The Role of Social Workers in the Long-Term Acute Care Setting

There’s no better time than now to highlight the role of social workers in the Long-Term Acute Care (LTACH) Setting. March, after all, is National Social Worker Month.

But the importance of the role and function of social workers in a LTACH is worthy of attention year-round. A social worker is a vital member of any health care team and serves in many different capacities, including as a liaison between the patient and the care community.

Let’s take a closer look:

Social Workers in the LTACH

  • Making the Transition
    The social worker helps the person entering a long-term acute care facility to help them make a transition to the LTACH from an acute care hospital. Once the patient is in their new setting at the LTACH, the social worker continues to see that his or her needs are met, and that they are participating in planning for continued care now and in the future.
  • Identifying Resources
    Social workers help patients identify resources to meet their individual needs. They also serve as the patient’s advocate in dealing with insurance providers to secure the most comprehensive coverage possible.
    In fact, serving as the patient’s advocate is one of the most important roles.
  • Working with Patients’ Families
    A social worker in an LTACH setting spends much of their time with a patient’s family and friends, and must always be aware of factors that have an impact on the patient’s well-being.
    Patients and families deal with many aspects of a specific illness, including learning more about it, the diagnosis, and the steps in the recovery process. A social worker helps them deal with each step that hopefully leads to a safe recovery.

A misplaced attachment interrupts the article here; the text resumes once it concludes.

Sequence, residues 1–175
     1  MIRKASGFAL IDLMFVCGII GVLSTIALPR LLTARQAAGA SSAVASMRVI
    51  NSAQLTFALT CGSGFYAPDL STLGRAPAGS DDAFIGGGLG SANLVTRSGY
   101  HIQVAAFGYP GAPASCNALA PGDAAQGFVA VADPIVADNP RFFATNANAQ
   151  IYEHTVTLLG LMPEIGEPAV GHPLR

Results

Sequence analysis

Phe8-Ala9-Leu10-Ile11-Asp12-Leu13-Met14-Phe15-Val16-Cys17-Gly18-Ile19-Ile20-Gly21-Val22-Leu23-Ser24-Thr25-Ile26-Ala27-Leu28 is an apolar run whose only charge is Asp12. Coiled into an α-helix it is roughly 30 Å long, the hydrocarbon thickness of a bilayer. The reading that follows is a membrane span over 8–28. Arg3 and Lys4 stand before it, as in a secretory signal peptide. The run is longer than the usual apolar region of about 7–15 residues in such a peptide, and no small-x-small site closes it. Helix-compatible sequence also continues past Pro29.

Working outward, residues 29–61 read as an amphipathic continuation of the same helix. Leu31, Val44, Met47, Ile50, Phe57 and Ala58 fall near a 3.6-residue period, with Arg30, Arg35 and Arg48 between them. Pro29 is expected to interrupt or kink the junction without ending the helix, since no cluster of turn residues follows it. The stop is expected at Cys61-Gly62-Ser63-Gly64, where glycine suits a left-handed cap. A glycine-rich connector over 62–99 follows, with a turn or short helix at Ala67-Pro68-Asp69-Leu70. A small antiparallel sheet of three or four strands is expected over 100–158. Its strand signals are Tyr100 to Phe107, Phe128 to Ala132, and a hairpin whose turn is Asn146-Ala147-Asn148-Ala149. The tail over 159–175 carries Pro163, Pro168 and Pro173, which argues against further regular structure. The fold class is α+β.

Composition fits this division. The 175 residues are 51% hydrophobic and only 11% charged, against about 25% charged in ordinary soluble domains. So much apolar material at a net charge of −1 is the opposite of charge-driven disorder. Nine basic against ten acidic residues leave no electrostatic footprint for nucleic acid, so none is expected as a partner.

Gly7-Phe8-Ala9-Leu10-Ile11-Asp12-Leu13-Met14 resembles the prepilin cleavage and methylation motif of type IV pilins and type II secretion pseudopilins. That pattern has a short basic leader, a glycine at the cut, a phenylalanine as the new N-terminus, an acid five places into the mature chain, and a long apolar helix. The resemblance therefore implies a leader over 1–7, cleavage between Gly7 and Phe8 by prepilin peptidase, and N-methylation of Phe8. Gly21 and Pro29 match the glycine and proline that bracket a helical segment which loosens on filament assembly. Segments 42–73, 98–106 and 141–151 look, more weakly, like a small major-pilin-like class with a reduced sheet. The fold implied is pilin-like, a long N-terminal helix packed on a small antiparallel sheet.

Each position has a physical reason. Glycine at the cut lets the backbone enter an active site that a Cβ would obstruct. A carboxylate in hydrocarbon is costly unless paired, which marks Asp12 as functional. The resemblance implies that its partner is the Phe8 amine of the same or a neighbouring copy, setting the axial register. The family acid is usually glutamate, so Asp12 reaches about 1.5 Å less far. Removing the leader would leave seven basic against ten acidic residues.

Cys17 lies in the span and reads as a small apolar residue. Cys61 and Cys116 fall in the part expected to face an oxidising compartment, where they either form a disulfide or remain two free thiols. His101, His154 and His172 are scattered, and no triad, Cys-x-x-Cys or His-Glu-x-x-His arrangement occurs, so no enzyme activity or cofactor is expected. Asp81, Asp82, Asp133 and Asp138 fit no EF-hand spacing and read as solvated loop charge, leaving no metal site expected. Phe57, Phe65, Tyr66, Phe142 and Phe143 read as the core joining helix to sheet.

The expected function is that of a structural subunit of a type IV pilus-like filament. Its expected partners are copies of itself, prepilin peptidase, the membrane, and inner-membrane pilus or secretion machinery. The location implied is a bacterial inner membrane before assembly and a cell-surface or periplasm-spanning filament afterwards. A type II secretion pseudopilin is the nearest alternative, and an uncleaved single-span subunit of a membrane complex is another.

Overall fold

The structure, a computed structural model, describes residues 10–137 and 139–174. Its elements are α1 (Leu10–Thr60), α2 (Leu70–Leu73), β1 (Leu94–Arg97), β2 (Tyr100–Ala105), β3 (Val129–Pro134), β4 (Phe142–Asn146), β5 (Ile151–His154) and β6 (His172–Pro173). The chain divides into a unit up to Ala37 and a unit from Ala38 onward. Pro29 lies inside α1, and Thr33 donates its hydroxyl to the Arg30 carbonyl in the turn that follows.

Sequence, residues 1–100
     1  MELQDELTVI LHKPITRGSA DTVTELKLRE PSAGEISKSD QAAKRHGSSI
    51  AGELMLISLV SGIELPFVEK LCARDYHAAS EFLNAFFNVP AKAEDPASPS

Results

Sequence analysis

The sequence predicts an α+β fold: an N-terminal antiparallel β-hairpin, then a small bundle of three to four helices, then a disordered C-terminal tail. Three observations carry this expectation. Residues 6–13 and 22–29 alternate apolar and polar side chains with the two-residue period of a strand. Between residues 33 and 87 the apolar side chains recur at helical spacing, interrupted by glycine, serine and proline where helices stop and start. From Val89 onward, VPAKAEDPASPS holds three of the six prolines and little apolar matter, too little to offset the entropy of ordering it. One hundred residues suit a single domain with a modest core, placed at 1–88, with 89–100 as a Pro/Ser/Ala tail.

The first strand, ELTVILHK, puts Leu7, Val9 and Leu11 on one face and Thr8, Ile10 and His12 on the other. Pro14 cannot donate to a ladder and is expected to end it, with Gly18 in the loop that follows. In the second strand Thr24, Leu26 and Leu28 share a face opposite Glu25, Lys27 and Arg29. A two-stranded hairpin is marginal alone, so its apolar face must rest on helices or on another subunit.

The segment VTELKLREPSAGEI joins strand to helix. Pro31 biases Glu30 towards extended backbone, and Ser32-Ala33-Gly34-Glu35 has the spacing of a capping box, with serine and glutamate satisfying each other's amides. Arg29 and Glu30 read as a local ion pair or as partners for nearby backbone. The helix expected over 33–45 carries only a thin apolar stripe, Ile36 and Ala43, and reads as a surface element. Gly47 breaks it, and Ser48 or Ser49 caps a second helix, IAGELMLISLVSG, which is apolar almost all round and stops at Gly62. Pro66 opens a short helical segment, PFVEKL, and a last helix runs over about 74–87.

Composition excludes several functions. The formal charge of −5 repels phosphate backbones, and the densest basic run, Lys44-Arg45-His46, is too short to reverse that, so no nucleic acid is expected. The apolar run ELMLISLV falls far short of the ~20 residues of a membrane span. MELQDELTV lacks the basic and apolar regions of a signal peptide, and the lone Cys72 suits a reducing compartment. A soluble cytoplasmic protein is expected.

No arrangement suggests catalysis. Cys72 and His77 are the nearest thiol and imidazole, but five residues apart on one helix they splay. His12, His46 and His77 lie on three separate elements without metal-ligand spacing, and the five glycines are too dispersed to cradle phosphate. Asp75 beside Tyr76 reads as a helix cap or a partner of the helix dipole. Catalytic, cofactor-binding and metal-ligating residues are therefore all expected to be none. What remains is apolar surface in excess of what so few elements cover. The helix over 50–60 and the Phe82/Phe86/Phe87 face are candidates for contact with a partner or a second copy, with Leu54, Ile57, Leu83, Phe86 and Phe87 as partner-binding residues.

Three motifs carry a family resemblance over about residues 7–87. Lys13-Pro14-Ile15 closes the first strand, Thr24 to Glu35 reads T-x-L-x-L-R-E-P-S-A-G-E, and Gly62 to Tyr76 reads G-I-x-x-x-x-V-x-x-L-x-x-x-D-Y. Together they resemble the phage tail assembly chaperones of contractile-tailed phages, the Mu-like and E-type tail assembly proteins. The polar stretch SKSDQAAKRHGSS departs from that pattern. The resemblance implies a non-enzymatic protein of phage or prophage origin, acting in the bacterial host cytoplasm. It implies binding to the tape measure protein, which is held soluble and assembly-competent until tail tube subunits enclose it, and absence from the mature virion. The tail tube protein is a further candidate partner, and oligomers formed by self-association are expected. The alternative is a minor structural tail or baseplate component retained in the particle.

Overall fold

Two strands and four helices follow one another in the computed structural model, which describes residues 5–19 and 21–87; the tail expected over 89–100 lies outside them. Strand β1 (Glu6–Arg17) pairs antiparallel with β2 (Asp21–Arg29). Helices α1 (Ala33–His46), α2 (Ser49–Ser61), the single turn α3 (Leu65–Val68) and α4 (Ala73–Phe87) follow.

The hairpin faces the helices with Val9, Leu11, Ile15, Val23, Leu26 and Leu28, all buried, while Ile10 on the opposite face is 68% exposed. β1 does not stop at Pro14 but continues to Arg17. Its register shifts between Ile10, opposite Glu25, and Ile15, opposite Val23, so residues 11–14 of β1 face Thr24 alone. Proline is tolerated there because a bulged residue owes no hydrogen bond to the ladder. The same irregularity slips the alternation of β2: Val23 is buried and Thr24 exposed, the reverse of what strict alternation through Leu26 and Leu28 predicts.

• A Wide Range of Tasks
    Typical duties for social worker may include: interaction with potential residents and their families, pre-admission and discharge planning, and assessment and completion of the part of the minimum data required for each patient.

The LTACH social worker will also:

  • Contact and utilize community resources on the resident’s behalf.
  • Ensure that the social and emotional needs of each patient are met.
  • Promote the maximum level of independence for each resident.
  • Participate fully in resident care planning as part of an interdisciplinary team.

In all cases, the social worker provides a physical environment that is supportive while fostering a positive self-image for residents through social contact, independence, and decision-making opportunities.